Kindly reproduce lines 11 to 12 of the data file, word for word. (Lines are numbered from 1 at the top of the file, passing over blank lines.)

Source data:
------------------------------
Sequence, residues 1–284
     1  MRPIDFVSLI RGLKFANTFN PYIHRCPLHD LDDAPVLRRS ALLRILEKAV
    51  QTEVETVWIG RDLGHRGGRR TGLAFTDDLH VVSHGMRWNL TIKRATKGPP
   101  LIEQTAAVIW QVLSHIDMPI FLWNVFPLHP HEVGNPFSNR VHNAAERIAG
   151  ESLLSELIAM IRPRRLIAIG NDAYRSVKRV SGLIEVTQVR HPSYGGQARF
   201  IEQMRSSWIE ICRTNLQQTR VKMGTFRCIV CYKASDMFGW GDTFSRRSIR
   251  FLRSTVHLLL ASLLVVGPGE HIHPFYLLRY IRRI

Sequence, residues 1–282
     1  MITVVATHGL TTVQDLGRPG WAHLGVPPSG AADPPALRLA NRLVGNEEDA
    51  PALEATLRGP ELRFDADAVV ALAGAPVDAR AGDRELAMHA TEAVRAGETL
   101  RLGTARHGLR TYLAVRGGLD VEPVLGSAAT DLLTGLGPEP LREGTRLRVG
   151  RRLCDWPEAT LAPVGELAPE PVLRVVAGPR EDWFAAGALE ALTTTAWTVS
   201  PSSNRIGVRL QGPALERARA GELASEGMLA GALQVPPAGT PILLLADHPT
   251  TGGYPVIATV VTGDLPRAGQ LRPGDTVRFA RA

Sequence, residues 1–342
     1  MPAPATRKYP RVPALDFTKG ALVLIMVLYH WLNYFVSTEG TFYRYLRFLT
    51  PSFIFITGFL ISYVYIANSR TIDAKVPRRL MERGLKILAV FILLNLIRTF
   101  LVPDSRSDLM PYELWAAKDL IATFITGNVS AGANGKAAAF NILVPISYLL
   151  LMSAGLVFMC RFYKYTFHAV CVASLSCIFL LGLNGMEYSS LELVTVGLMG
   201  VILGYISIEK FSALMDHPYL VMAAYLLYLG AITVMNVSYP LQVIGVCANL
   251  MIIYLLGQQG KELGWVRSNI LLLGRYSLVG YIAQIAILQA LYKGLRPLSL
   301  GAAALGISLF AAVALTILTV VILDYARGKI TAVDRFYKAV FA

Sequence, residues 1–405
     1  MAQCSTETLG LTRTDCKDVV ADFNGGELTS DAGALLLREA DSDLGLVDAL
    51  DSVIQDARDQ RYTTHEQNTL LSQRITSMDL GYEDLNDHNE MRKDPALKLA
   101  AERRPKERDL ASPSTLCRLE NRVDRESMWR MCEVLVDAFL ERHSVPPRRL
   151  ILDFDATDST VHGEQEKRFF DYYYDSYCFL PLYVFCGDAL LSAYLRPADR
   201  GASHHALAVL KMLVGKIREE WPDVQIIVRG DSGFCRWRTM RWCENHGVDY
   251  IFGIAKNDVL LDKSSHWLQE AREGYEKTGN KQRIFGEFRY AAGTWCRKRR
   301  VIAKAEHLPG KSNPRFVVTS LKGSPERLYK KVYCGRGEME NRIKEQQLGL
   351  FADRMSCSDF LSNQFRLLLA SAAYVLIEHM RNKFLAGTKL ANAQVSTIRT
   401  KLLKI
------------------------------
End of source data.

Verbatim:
   101  RLGTARHGLR TYLAVRGGLD VEPVLGSAAT DLLTGLGPEP LREGTRLRVG
   151  RRLCDWPEAT LAPVGELAPE PVLRVVAGPR EDWFAAGALE ALTTTAWTVS